While in China, Shi Tao used a Yahoo email address to notify a pro-democracy website that the Chinese government ordered the Chinese media not to cover the fifteenth anniversary of the Tiananmen Square Protests of 1989 on June 4. Yahoo! provided the Chinese security agencies with the IP addresses of the senders, the recipients and the time of the message. Tao was subsequently convicted for “divulging state secrets abroad.” Yang was heavily criticized and Reporters Without Borders called Yahoo! “a Chinese police informant” whose actions led to the conviction of a journalist and writer.

Jerry Yang declared, “To be doing business in China, or anywhere else in the world, we have to comply with local law[s].” This was controversial, as critics claimed Yahoo! violated international law as well as a 1989 decision by the U.S. Congress to prohibit U.S. companies from selling “crime control and detection” equipment or software to the Chinese Government.[12]

The New York Times reported that political prisoner Wang Xiaoning and other journalists had brought a civil suit against Yahoo for allegedly aiding and abetting the Chinese government which, it was claimed, resulted in torture that included beatings and imprisonment.[13]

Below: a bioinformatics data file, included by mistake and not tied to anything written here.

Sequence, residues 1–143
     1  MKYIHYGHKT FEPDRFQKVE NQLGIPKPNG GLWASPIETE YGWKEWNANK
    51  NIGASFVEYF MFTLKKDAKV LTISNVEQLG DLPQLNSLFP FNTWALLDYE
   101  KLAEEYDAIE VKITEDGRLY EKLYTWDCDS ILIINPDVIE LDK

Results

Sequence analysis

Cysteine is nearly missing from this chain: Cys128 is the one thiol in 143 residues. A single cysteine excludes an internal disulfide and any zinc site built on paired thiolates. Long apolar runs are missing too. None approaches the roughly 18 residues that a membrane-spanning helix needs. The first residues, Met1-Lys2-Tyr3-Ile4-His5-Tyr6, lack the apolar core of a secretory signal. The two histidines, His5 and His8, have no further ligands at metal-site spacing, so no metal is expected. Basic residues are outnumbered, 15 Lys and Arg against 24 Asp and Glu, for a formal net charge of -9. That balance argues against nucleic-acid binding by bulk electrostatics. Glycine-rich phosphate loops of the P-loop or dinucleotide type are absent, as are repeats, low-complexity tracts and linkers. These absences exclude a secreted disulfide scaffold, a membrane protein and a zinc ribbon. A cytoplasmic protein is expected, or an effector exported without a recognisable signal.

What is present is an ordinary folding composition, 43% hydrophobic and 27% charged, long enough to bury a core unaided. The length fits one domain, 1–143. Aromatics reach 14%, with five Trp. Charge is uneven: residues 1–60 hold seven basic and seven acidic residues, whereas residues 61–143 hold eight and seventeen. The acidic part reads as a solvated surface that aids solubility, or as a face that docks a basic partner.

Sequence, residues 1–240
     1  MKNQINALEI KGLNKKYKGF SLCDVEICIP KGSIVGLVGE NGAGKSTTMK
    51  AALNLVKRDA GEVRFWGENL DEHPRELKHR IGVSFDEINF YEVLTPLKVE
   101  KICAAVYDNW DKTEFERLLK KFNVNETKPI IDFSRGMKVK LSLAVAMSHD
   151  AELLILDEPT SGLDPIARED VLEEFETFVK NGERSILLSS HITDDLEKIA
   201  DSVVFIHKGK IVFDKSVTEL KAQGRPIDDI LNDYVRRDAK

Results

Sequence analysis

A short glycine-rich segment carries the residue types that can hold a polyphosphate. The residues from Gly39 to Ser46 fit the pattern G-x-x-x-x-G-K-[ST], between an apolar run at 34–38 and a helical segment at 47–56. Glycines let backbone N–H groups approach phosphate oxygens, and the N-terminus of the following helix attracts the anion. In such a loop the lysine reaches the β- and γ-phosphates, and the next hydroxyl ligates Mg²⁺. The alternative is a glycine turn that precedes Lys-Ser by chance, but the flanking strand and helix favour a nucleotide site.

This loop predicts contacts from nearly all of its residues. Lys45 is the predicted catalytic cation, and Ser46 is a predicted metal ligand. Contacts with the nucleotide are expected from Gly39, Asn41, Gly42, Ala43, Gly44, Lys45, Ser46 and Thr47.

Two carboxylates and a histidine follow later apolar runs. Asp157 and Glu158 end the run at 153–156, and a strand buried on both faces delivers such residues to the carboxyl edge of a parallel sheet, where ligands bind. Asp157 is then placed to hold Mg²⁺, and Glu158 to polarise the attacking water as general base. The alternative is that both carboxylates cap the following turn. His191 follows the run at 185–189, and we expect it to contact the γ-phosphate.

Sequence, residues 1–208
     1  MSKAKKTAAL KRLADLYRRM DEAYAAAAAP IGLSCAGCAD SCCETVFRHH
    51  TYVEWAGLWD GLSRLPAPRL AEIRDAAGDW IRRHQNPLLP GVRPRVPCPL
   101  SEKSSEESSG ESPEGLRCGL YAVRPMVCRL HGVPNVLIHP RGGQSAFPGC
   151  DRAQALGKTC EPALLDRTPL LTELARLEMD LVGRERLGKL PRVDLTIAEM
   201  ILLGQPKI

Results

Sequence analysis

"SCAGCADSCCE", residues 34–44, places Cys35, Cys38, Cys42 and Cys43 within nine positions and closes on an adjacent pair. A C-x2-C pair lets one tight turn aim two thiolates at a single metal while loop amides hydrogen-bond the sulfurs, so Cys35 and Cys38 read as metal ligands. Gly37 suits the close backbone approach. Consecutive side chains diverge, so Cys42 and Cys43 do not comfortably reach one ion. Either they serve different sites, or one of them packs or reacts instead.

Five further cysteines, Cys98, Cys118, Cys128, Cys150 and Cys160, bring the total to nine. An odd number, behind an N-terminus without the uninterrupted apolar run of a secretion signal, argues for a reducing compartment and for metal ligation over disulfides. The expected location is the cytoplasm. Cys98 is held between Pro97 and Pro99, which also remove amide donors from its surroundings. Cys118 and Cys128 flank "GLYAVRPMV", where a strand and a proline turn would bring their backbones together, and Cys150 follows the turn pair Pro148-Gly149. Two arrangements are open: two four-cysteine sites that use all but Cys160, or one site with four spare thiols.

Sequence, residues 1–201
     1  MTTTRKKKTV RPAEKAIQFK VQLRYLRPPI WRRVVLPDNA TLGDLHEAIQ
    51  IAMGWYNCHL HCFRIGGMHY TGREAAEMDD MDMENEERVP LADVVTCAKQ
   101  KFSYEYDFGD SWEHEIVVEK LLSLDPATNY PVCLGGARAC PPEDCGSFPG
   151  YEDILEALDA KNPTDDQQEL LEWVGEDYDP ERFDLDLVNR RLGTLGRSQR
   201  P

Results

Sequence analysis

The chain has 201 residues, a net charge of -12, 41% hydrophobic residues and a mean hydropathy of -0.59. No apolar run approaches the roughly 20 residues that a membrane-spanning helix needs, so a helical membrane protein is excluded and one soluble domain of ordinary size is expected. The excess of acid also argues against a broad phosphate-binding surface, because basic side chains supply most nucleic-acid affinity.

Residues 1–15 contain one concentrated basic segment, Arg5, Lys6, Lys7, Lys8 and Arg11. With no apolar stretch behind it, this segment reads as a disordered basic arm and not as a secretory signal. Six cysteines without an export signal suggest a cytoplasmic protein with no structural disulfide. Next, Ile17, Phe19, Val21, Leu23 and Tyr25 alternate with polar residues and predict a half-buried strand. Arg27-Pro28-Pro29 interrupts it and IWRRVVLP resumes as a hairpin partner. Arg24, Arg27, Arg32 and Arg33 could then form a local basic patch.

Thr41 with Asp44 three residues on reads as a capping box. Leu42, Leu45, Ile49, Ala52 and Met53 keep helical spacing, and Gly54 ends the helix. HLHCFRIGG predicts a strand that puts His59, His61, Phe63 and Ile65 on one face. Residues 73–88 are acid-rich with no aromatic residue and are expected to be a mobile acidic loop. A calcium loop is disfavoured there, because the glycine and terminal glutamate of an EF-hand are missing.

More recently Jerry Yang was summoned to Washington to answer for Yahoo’s comments regarding its role in the arrests of Shi Tao and other journalists in China.[14][15]

On November 14, 2007, Yahoo agreed to settle with affected Chinese dissidents, paying them undisclosed compensation. Yang stated, “After meeting with the families, it was clear to me what we had to do to make this right for them, for Yahoo, and for the future.” In response, Democratic Congressman Tom Lantos, chairman of the United States House Committee on Foreign Affairs, stated, “It took a tongue-lashing from Congress before these high-tech titans did the right thing and coughed up some concrete assistance for the family of a journalist whom Yahoo had helped send to jail. What a disgrace.”[16]